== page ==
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This week, the BBC's theme has been "fairness" - as multiple cuts to the State continue to raise serious concerns. Today, the Browne report (from Lord Browne, a former head of BP, of all unwelcome things) suggested removing the fee cap for university tuition which is now held to less than £4,000 a year, even for an Oxbridge education. It is thought that fees could go as high, under this scheme, as £12,000 per year, for better universities; obviously, the fear is that some universities wouldn't be able to compete and would close, as far fewer students attended. Already, England has some of the lowest rates of access to higher education in the Western world. Fairness indeed. Is poetry fair? Is British poetry? What would "fair poetry" even mean? As Christopher Ricks has shown in his recent book on literary friendships and influences, poetry gets along through a never-ending series of near-invisible, highly nuanced, events that inflect the lives of poets - by which I mean, support, alliances, favouritism, friendship, critical approval (or destruction) and so on. Poets swim in terribly difficult waters, and, in the UK, are far less likely to be philanthropically underwritten. There has yet to be a Ruth Lilly moment in British poetry. Even Faber & Faber gets Arts Council funding for some of its publications, such as its recent Young Poets series. One wonders if any of that will last the big axe coming. How will this impact the next wave of younger poets? Certainly, as I have sought to show recently, there is a kind of splendid resurgence of quality poetry among the young, those under 40, in these isles. I find the talent and variety nearly-overwhelming. It is hard to imagine, on the basis of their debuts, which of these brilliant twenty and thirty-somethings, will one day be the new laureate, so spoiled for choice are we here. One group of young poets has emerged that I would like to designate "The New Seriousness" school. In it would be poets like Sarah Howe, Jon Stone, James Brookes, and Toby Martinez. Not that these poets aren't seriously funny - they are, at times, but that their work is inventively stretching beyond the less-challenging mainstream models of the last few decades, without giving up on the lyric tradition. Taking more cues from, say, Geoffrey Hill, or American poets, than Heaney or Paul Farley, they write with an awareness of the Muldoon-Paterson linguistic-brio patterns of musicality, but are darker, more imaginatively engaged with history, and intertextuality. They read like the future. James Brookes was born in 1986 and has lived in Sussex for most of the last twenty years, less than a mile from the birthplace of Shelley. He studied English and Creative Writing at the University of Warwick, where he became Contributing Editor of The Warwick Review. He won an Eric Gregory in 2009. The TLS review of his pamphlet The English Sweats (Pighog Press, 2009) included the following: "in every sense a generous book... Continue reading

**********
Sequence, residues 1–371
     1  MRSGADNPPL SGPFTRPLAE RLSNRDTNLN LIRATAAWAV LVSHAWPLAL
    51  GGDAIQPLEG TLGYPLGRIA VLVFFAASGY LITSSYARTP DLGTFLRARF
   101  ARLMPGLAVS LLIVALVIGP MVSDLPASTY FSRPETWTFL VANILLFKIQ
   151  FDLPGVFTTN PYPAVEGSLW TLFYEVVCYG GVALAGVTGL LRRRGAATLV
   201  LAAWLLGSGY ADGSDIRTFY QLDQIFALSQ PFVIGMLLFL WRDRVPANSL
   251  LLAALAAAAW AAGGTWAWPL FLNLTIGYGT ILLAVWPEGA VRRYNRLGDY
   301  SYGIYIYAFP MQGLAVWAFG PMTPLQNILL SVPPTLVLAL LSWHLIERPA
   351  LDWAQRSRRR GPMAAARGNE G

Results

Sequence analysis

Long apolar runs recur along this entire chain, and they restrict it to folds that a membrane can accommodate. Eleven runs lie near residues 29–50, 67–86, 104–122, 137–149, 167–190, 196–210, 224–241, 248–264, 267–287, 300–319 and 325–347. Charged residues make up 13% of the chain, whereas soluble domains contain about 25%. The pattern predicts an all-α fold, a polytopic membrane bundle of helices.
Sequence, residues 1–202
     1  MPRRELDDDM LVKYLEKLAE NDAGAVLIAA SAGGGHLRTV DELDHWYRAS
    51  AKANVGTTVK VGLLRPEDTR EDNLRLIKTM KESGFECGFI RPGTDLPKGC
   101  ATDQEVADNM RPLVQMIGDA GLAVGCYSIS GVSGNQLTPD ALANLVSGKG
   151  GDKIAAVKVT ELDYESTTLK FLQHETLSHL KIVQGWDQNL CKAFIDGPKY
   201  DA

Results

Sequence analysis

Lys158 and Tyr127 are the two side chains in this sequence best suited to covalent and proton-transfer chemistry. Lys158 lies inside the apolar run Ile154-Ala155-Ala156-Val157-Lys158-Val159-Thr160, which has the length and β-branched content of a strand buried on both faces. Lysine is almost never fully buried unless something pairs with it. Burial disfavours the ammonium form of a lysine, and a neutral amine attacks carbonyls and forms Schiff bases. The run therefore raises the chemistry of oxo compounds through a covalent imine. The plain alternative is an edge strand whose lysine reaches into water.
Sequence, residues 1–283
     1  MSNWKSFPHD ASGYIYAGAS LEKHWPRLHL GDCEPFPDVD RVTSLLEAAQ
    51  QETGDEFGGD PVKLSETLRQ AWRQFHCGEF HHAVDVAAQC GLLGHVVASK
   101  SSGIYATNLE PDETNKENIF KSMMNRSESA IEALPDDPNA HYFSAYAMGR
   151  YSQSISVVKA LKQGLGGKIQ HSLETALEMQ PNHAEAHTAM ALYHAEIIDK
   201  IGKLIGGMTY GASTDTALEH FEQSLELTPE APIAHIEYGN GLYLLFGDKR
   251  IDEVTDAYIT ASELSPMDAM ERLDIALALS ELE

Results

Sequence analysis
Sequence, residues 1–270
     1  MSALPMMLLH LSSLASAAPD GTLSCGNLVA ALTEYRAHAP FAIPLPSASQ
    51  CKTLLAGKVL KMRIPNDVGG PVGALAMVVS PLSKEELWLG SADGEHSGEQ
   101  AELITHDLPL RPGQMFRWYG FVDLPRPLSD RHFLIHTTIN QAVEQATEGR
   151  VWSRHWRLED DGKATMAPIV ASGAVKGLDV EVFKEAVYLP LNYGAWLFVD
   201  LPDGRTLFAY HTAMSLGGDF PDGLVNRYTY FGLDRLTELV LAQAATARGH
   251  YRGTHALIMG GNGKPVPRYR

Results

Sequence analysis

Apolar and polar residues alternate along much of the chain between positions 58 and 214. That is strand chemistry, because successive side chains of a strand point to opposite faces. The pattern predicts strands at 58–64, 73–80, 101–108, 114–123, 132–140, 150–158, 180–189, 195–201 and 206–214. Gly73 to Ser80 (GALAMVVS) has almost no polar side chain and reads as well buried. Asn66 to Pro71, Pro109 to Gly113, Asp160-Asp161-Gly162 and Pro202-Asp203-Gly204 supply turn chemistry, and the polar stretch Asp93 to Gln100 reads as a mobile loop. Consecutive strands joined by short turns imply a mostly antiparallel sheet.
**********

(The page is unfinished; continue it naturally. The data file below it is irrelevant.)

Posted Oct 12, 2010 at The Best American Poetry